The previous post explored the relationship between economics, politics, and public culture as influential on generational thinking from the Great Depression to the free market democracy of today. This post will specifically address media and public criticism of Generation Y within the context of these structures.
If Generation Y is in any way different, it is that it we were not raised with memories of the welfare state which – for all the faults one could claim – embedded a sense of shared sacrifice and collective support for others in economics, politics, and society. We were instead raised with free market values that emphasised individual freedom, especially moral, ethical, and political decisions reduced to something akin to an individual consumer purchase only to be made individually within the marketplace. Certainly, my generation is more socially tolerant as a result of socially liberal identity activism as result historical progression. Without the economic security that welfare provided, certain myths arose to defend the free market: chief among them that ultimately merit and hard work would allow you to succeed and those who didn’t succeed aren’t trying hard enough.
The two prominent critiques of Generation Y from Part I argue within these myths of meritocracy and blaming others for failures. One was last year’s Huffington Post blog meme about Lucy the hapless Millennial, which touches on some truths about the negative side of positive reinforcement and unrealistic expectations, but reduces the roots of the generational unhappiness solely to overinflated ego and comparing yourself to others – ie individuals in isolation. The other critique was Adbusters Article ‘Hipster: The End of Western Civilisation’ argues that Generation Y cares for little but status through consumerism. “Hipsterdom is the first “counterculture” to be born under the advertising industry’s microscope, leaving it open to constant manipulation but also forcing its participants to continually shift their interests and affiliations. Less a subculture, the hipster is a consumer group – using their capital to purchase empty authenticity and rebellion.”
Adbusters singles out youth culture as defined by music tastes, fashion, political beliefs, and consumer choices, but rather strangely for a counter-culture magazine ignores that consumption and identity is embedded in every facet of economics, politics, and society. The article highlights punk fashion as a romantic ideal of previous generational DIY culture, but far more can be gained from exploring the evolution of this second hand fashion to the concept of vintage clothing stores. Op shopping was considered a 70’s punk statement against the traditional labels such as jock, skater, surfer, corporate, high fashion, or any other subcultural labels. As punk culture became romanticised as idealistic and political – by people like Adbusters – entrepeneurs likely of the Generation X age group used retro revival to transform anti-consumer culture into a marketable consumer label. This is no different to the Forrest Gump soundtrack or Time Life Best of the 60’s compilation infomercials as filling a gap with the growing romanticisation of the hippie movement. Similarly, the Huffington Post blog suggests that Lucy shouldn’t compare ourselves to others, yet this is what modern politics and economic structures incentivise us to do. Aspirationalism that means simply consumer and income gain in comparison to others, entrepeneurship that means to do whatever it takes in competition with other companies to succeed, and that your brand image matters to your success whether it reflects reality or not. The rise of Facebook and Instagram is not evidence of our generation’s selfishness but akin to brand management that likely arose from corporate or political party advertising as a response to increased consumer power. All try to convince everyone else that they’re edgy yet acceptable. The Obama-Cameron-Thorning-Schmidt Instagram selfie and John Key in his son’s Facebook planking photo were the ultimate convergence symbolic of societal values, not generational ones.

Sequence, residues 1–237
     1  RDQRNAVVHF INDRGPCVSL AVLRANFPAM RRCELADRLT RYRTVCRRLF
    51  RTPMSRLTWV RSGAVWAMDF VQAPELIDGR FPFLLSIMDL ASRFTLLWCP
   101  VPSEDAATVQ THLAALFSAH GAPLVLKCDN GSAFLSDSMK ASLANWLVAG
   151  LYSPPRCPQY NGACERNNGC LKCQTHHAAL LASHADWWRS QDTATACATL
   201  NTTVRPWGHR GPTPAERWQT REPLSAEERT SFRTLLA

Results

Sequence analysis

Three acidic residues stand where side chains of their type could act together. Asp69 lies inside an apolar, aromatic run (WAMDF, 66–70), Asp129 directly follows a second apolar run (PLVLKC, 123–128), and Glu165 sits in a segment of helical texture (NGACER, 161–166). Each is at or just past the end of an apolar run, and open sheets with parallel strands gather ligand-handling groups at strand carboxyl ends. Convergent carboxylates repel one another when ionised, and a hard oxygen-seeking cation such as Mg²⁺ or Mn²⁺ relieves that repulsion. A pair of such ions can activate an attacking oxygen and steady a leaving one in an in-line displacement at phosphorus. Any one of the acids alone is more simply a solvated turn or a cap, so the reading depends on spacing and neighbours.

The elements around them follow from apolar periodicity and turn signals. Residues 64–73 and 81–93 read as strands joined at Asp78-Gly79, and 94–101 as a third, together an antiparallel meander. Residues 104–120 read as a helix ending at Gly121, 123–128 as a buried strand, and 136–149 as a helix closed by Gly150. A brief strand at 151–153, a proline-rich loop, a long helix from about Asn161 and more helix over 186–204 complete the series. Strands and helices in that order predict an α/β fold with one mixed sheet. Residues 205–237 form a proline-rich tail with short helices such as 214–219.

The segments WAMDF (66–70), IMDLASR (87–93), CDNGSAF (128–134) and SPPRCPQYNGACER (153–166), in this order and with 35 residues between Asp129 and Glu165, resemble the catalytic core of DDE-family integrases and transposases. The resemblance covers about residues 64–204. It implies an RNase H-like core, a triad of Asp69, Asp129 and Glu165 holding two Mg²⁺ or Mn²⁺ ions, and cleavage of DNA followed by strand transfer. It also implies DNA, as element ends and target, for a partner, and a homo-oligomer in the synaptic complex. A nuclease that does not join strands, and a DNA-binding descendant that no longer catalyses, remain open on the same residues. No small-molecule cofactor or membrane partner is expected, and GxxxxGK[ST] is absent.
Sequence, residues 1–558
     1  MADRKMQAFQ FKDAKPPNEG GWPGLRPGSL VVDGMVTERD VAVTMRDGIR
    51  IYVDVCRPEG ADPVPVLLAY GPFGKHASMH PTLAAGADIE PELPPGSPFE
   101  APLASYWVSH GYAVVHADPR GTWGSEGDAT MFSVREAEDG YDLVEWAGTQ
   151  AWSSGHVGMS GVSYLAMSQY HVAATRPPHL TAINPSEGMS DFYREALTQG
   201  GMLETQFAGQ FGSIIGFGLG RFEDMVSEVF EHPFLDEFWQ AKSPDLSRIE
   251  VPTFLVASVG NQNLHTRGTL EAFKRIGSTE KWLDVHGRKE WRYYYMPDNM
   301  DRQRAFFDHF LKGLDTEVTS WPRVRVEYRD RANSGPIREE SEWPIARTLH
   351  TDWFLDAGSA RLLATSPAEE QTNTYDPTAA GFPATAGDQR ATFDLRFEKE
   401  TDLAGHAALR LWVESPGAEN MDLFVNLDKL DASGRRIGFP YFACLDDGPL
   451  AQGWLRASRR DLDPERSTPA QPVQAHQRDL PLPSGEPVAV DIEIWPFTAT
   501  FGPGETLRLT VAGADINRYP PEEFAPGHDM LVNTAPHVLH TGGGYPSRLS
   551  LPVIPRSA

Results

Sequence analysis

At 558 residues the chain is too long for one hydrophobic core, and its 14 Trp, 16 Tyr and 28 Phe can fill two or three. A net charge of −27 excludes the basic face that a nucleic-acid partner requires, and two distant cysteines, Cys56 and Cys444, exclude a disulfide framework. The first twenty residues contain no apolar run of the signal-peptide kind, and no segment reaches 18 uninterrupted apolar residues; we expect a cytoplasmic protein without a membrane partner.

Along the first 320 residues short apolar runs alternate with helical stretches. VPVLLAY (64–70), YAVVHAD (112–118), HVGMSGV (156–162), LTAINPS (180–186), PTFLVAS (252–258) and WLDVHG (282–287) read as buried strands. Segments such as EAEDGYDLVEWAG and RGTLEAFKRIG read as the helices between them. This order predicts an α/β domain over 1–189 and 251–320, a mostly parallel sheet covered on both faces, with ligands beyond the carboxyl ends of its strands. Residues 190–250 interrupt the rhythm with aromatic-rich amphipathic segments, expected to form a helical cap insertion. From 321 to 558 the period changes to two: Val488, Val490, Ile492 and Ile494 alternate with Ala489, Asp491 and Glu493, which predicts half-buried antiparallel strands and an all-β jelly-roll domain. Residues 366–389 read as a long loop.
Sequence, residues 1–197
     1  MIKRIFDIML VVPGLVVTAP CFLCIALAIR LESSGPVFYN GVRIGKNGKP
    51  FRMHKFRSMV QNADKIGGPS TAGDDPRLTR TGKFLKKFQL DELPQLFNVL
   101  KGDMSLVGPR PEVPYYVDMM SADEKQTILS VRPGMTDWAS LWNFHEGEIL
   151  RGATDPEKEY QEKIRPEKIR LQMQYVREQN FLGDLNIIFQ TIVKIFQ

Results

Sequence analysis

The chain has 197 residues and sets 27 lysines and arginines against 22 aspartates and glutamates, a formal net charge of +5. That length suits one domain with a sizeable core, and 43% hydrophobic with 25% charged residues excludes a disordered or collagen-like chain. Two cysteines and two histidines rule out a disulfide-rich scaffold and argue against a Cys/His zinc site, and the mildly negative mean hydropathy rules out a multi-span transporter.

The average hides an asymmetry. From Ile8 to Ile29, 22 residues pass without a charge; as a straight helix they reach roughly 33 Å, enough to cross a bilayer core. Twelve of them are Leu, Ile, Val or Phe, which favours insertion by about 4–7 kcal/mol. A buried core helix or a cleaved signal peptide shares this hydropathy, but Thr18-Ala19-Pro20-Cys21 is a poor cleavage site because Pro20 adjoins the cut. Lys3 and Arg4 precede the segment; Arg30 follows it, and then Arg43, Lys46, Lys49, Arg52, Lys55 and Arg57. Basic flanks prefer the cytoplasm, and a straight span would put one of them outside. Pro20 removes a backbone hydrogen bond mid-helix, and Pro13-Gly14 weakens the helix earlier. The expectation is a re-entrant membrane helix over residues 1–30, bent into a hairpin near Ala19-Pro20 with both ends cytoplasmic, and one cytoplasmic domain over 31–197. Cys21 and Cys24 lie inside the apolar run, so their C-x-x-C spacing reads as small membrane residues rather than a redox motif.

Unlike previous generations, Generation Y has far less security, more fixed term contracts, and more competition in the aftermath of the Global Financial Crisis probably hasn’t helped. Especially, the convergence of creativity and the free market through the “creative” industries such as advertising and writing have created both an ideal dream creative job that many in my generation idealise but also with limited places and lax labour laws can potentially encourage exploitation of that dream. Notably in advertising, writing, and politics, numerous people can attest to low to no pay and unpaid internships . Her need for introspection aside, Lucy’s probably working quite hard in an unpaid internship somewhere as a means to getting her foot through the door.
Claims of exceptionalism of our supposed selfishness, laziness, excesses, sexual morals, naivety, and apoliticalism is just an endless cycle repeated every 20 years or so. The names change: swing kids, greasers, hippies, punks, new romantics, ravers, and now hipsters. Even our dancing is no less scandalous; twerking is today’s jitterbug adjusted for inflation. Lucy’s sense of self-importance and shallow consumerism are issues of adolescence might be addressed by her own introspection sure, but that’s called growing older and is only half the job. Her alleged faults are equally reflected in every aspect of economics, politics, and culture. Generation snark and romanticising some past where people worked harder or were more aware or original just avoids important questions.